Next, we sought to improve upon this assembly by conducting a de novo assembly of the endosymbiont genome in isolation from the louse genome or other contaminate gDNA. To do this we isolated the original sequencing reads that contributed to our initial endosymbiont genome assembly by mapping the original sequence reads onto the draft endosymbiont genome assembly. We used Bowtie2 v2.2.6 [45] to align reads to the endosymbiont genome assembly (usage end-to-end function with output of aligned concordantly) and output the aligned reads to a fastq file. This allowed us to create a read-library that contained only reads derived from the endosymbiont genome. From this new library, we conducted a final de novo genome assembly, using metaSPAdes with a k-mer size of 41. It was imperative to ensure we had assembled the genome in its entirety. Therefore, we next sought to determine why we obtained two contigs and not one continuous contig. We attempted to assemble the regions at the end of each contig in isolation using the local assembly tool aTRAM v1 [46]. aTRAM uses a process of finding individual reads that match a target, in this case the last 750 bases of each contig end, collecting the mate-pairs of those matching reads, and finally assembling those reads in isolation. In each instance we found aTRAM returned contigs containing part or all of the genomic copy of 16S rRNA (16S rRNA was present in our initial assembly located near the 3′ end of contig 2), 23SrRNA (which was located within contig 1), and tRNAs. As we looked in detail, we found extremely high coverage around the 5′ and 3′ ends of contigs 1 and 2 as well as in ribosomal and transfer RNAs. We suspect that RNA contamination of the gDNA library or duplicate genomic regions containing RNAs contributed to ambiguities in the de bruijn graph assembly approaches implemented by ABySS and SPAdes. Therefore, we believe our assembly is complete outside of tRNA (involved in protein metabolism) and possibly secondary copies of rRNAs. We wanted to ensure that our initial assembly accurately captured the sequence of the 16S rRNA gene, as its need to verify the identity of the endosymbiont. To validate the assembly, we aligned reads from the entire gDNA library to the sequence of 16S rRNA from S. praecaptivus using Bowtie2 and generated a consensus sequence from the resulting SAM file using Geneious. Given the close phylogenetic relationship of the two species (the presence of endosymbionts closely related to S. praecaptivus has been established for feather lice) [21, 22], we expected this method isolated only those reads coming from the endosymbiont genome. Using this read-mapping approach we generated a consensus sequence of 16S rRNA from the C. wolffhuegeli endosymbiont that was identical to the 16S rRNA sequence found in our initial genome assembly.

Endosymbiont identity

We sought to place our newly discovered endosymbiont in a phylogenetic tree of γ-proteobacteria, specifically a phylogenetic tree published by McCutcheon et al. [5], that was designed to show the phylogenetic diversity of insect-associated γ-proteobacteria. This tree was based on a set of 130 single copy orthologs which were rigorously evaluated. We sought to identify these orthologs in our endosymbiont genome assembly and add those to an alignment of sequences described by McCutcheon et al. [5]. To do this we had to identify candidate orthologs in our genome. Therefore, we began by annotating the endosymbiont genome using RASTtk pipeline (submitted 2020-03-01) [47,48,49]. From RAST, we downloaded a fasta file that contained the sequence of each gene predicted in the genome. Using a BLASTP search, we found candidate orthologs shared between the McCutcheon et al. [5] ortholog sets (using the S. paecaptivus HS1 protein set as a target and the candidate endosymbiont proteins set as the query) and our newly identified endosymbiont. Using these BLASTP results, we added our endosymbiont genes to the McCutcheon et al. [5] original sequence data. Next, we translated the sequences and conducted a global alignment on all ortholog sets using the global alignment tool MUSCLE, utilizing the BLOSUM62 substitution matrix [50]. Aligned sequences were back-translated to nucleotides, while maintaining the gap characters created in the amino acid alignment. This produced a merged dataset of the C. wolffhuegeli endosymbiont into the original ortholog set to use for phylogenetic analysis to identify the placement of the novel endosymbiont in the γ-proteobacterial tree.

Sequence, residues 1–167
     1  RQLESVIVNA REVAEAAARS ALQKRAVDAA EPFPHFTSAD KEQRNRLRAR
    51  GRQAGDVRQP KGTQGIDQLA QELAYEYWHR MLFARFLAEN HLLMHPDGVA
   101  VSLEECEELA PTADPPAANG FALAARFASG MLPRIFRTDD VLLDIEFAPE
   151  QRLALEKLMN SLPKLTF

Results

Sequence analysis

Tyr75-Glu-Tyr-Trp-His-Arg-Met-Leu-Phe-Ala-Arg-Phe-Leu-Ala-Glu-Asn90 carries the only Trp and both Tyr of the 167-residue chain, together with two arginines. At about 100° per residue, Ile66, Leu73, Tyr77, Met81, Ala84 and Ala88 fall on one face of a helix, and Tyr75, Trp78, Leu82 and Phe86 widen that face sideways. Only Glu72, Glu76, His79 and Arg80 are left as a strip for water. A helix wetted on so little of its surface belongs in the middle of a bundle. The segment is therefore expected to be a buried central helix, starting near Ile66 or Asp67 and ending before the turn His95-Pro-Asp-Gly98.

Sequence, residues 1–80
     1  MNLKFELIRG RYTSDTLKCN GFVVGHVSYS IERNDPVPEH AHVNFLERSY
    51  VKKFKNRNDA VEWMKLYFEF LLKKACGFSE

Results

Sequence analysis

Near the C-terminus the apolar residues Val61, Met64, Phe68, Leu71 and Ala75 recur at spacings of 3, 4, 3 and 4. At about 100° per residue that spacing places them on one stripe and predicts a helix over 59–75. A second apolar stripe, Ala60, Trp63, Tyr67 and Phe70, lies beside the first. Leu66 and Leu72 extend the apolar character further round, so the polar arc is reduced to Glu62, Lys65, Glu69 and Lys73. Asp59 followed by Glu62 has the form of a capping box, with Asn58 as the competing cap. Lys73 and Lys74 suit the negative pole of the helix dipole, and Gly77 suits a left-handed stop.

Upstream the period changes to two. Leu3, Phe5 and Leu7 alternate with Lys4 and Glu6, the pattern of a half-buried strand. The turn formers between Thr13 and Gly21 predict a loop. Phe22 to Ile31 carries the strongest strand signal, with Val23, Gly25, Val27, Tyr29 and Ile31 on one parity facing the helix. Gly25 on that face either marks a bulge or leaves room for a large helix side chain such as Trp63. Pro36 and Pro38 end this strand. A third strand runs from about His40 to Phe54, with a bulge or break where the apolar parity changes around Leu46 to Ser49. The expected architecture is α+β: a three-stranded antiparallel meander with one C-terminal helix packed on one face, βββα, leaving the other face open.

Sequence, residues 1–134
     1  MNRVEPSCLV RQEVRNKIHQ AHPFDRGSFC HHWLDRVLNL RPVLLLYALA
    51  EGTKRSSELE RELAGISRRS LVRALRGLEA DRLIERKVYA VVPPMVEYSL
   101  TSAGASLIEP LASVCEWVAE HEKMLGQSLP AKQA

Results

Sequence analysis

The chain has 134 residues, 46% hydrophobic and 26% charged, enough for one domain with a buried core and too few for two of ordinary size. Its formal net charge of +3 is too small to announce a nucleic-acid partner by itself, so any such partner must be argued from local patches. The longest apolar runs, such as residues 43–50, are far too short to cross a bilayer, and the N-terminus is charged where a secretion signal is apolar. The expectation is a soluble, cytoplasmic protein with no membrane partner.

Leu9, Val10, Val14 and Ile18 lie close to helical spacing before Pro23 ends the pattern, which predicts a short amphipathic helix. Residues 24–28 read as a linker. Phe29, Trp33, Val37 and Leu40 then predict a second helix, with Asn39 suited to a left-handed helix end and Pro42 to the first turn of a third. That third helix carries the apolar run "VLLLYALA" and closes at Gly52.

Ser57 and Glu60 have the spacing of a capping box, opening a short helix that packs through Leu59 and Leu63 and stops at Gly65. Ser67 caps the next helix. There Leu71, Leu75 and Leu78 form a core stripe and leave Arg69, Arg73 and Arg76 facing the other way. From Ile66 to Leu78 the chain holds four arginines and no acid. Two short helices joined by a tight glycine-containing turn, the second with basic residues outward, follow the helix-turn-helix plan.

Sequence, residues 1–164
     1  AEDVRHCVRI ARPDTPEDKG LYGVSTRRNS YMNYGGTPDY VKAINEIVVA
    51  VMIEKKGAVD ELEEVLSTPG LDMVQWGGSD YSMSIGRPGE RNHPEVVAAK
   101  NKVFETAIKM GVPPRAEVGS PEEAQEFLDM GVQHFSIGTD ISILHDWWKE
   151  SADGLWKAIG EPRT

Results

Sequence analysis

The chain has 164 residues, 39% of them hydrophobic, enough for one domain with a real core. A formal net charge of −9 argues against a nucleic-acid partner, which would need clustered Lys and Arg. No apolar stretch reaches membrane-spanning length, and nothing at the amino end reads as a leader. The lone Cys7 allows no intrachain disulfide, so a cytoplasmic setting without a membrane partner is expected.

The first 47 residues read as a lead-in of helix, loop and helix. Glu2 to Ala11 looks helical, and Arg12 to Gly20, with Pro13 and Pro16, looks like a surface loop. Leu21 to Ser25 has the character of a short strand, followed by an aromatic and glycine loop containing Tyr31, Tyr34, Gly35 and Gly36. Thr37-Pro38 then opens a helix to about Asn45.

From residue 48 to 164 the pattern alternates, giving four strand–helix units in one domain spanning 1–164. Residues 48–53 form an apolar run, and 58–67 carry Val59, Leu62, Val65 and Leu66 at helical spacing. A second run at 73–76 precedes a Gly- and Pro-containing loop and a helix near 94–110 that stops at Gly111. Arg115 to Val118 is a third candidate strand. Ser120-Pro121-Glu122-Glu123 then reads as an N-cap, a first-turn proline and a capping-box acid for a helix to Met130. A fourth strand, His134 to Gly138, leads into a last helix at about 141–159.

First, we wanted to build a maximum-likelihood tree using the GTR model of sequence substitution based on simultaneous analysis of all sequence data. We excluded the third codon positions from each set of ortholog alignments. This was done, because there was significant variation in base composition at the third position, with endosymbionts favoring AT bases at this position and non-symbiotic bacteria having equal base ratios or slightly favoring GC. Next, we determined the optimal partition for estimating free parameters of the substitution model for the remaining first and second codon positions. We followed methodology described by Wickett et al. [51] by splitting each gene alignment into two alignments, one with all first codon positions and the other with all second codon positions. We then conducted a full and unpartitioned ML tree search for both alignments using RAxML v8.2.12 [52]. From these searches, we obtained the shape parameter α and rate parameters used to determine the gamma distribution (Γ). We then used the statistical package R v3.6.1 to determine the optimal number of partitions using PCoA and assign each alignment to a partition using K-means clustering. We found the optimal number of partitions was three. Next, we combined the gene/codon alignments into a single combined alignment and the partition was applied to the concatenated alignment (herein supermatrix). Based on this supermatrix, we found identified a candidate optimal tree using RAxML under the GTR + Γ substitution model, with free parameters estimated for each partition. We implemented 500 partitioned bootstrap replicates of this analysis.